‘Goblin mode’ and ‘Menty-b’: Macquarie Dictionary grapples with a chaotic world

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How would you put the past three years into words? According to the Macquarie Dictionary, phrases like “Barbiecore”, “goblin mode” and “spicy cough” are a pretty apt summary. These playful turns of phrase are among the 3000 new words added to the dictionary’s ninth edition.

Back in 2020, Australians were caught up in conversations about “cancel culture”, “climate strikes” and “Me Too”, all of which were promptly added to the dictionary’s previous edition. But since then, we’ve lived through catastrophic fires, the rise of AI and, of course, a global pandemic – all of which have helped shaped what words and phrases the dictionary thinks is worth officially recognising.

“Barbiecore”, “goblin mode” and “spicy cough” are a pretty apt summary of the last three years, according to the Macquarie Dictionary.

Macquarie’s managing editor, Victoria Morgan, says each edition offers a snapshot of what Australians are preoccupied with at any given time, from lighthearted colloquialisms (“bachelor’s handbag”: a takeaway roast chicken) to philosophical musings (“metaverse”: a proposed virtual-reality network allowing movement between different sites, platforms, servers, etc.).

“This edition has been quite distinct with the pandemic and other social trends that people are following. The role of the dictionary is to simply present language as it is currently being used in Australian English,” she says.

The nation’s vocabulary has drawn inspiration from a plethora of recent major shifts, Morgan says, including COVID-19 and environmental crises like the Black Summer fires and La Niña floods.

“Linguistically, COVID has meant this has been quite a significant point in time. We haven’t had this many terms created by a single crisis or catastrophe pretty much since the world wars,” Morgan says.

Words used to define the chaos of the pandemic, such as “Omicron” (a variant [B.1.351] of the coronavirus SARS-CoV-2, which causes COVID-19) and “long COVID” (used to make sense of the chaos that is COVID-19), have been added. But it’s not all technical, with slang terms like “spicy cough” and “menty-b” (a breakdown in one’s mental health) showcasing Australia’s need for levity amid a global health crisis.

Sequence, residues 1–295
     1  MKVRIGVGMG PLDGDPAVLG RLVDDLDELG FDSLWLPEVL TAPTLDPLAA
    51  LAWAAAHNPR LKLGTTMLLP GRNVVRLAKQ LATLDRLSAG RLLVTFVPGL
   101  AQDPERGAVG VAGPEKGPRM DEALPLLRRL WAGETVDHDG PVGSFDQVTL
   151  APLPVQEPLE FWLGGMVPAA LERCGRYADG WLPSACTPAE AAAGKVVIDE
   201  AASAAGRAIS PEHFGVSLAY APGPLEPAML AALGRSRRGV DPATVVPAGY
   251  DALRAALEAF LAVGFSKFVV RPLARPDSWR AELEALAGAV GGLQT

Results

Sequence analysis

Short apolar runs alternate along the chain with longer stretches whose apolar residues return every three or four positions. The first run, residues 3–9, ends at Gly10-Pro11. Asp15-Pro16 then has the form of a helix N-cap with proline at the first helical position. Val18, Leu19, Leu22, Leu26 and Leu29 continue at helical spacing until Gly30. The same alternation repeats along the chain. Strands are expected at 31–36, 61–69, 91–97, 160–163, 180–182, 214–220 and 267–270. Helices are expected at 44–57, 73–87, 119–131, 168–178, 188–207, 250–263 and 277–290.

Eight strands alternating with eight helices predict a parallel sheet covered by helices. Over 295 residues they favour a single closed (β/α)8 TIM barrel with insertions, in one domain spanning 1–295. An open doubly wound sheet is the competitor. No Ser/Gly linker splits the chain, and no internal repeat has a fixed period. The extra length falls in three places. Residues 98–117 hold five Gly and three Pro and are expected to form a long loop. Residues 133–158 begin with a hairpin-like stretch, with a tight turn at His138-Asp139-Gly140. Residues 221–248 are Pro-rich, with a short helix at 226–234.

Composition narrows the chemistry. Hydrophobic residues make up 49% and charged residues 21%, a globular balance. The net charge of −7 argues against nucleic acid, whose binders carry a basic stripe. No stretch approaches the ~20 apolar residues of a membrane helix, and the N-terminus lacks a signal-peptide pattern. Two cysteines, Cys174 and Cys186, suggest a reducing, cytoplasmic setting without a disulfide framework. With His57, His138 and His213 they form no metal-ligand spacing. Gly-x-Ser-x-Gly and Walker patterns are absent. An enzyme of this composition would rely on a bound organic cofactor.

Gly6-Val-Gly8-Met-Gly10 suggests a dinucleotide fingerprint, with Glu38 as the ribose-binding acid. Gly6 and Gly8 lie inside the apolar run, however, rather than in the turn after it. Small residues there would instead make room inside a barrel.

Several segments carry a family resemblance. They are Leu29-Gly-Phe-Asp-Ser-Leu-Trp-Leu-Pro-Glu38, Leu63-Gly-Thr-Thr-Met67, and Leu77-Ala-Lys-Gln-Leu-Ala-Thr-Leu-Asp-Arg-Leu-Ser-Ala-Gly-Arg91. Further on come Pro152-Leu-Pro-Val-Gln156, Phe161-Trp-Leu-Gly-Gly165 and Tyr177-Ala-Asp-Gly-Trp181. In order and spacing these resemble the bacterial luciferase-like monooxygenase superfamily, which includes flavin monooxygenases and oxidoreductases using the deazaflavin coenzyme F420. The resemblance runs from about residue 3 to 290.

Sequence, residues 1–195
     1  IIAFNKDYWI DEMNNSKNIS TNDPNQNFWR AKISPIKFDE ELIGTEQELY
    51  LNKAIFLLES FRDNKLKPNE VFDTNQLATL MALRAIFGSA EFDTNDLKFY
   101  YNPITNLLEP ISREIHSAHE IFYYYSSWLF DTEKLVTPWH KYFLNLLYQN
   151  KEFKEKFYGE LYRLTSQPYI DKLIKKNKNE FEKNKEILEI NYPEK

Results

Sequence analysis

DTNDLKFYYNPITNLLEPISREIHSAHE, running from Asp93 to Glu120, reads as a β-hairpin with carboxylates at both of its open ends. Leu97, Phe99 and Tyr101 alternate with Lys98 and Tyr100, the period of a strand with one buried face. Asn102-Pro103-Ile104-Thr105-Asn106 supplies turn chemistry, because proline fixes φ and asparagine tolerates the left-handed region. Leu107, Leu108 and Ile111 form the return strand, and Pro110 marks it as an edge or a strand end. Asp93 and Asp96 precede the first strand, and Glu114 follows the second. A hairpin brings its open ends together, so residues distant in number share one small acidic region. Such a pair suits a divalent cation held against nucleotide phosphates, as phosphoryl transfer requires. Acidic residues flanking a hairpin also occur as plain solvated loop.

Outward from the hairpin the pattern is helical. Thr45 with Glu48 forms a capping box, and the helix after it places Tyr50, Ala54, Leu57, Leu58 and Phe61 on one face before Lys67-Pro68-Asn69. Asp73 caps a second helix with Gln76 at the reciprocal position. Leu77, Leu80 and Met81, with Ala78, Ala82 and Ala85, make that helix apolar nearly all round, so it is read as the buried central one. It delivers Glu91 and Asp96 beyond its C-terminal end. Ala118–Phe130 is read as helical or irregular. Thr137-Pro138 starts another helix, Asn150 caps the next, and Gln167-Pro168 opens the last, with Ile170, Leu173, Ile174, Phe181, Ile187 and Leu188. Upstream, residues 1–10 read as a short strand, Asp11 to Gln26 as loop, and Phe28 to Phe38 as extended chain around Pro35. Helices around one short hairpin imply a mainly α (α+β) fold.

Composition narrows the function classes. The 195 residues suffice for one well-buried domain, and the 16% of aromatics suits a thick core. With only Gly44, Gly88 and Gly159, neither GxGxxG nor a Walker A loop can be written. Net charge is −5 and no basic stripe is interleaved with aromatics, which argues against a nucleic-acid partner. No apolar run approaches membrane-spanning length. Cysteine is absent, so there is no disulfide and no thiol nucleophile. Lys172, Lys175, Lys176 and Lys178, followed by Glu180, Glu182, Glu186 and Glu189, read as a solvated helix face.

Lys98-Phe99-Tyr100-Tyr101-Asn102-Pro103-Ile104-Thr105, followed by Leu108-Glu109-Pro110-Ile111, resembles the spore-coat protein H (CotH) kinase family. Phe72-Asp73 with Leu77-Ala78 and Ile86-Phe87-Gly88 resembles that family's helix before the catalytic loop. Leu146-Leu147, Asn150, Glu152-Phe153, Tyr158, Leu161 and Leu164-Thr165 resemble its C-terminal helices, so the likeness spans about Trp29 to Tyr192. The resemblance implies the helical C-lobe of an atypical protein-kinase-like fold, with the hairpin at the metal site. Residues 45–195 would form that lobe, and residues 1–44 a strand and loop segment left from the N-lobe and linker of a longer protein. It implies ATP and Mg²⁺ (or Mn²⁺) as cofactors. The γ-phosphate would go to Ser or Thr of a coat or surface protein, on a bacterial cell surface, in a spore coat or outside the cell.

“As a general rule, Australians like to play with language,” Morgan says. “If there’s something quite serious, like mental health or COVID, we do seem to create quite lighthearted ways of being able to talk about things … We’re happy to put it out there.”

Environmental and climate-related words have long been common within the Australian vernacular, but this edition finally sees the phrase “net-zero” join the ranks. Following Australia’s catastrophic bushfire season, “Pyrocumulonimbus” (a cumulonimbus which forms above a source of intense heat, such as a bushfire, volcanic eruption, etc.) has also been introduced.

However, the dictionary still knows how to have fun, which it does so by tapping into the latest pop-cultural trends. Greta Gerwig’s record-smashing Barbie film managed to wiggle itself onto the list thanks to “Barbiecore” (a fashion characterised by an all-pink colour palette, especially bright pink) despite only having been released in July this year. Could “Ken-ough” be a contender for the tenth edition?

The Barbie film triggered a massive uptake in the word Barbiecore, which is now in the Macquarie Dictionary.Credit: Warner Bros. Pictures

And considering many Australians spent much of the lockdowns “doomscrolling” (another new word) TikTok, it’s no surprise that several of the dictionary’s new words scream “chronically online”. For example, there’s “bitmoji” (an emoji or avatar personalised to look like oneself), “goblin mode” (a pattern of behaviour characterised by an embrace of indolence and slovenliness), and “nepo baby” (a celebrity, often in the entertainment industry, who has a famous parent). However, “bombastic side eye” (a judgemental look from the side) and “bussin” (used to describe tasty food) sadly did not make the cut.

New terms are rapidly established, Morgan says, especially during the social media age, so she and her staff depend on both their own daily observations and those from regular contributors and the public.

“There’s so much new language evolving because any new product, any new trend or behavioral practice often creates its own new language. In a way, we’re always playing catch up,” Morgan says.

The ninth edition of the Macquarie Dictionary will be released online and in print on September 12.

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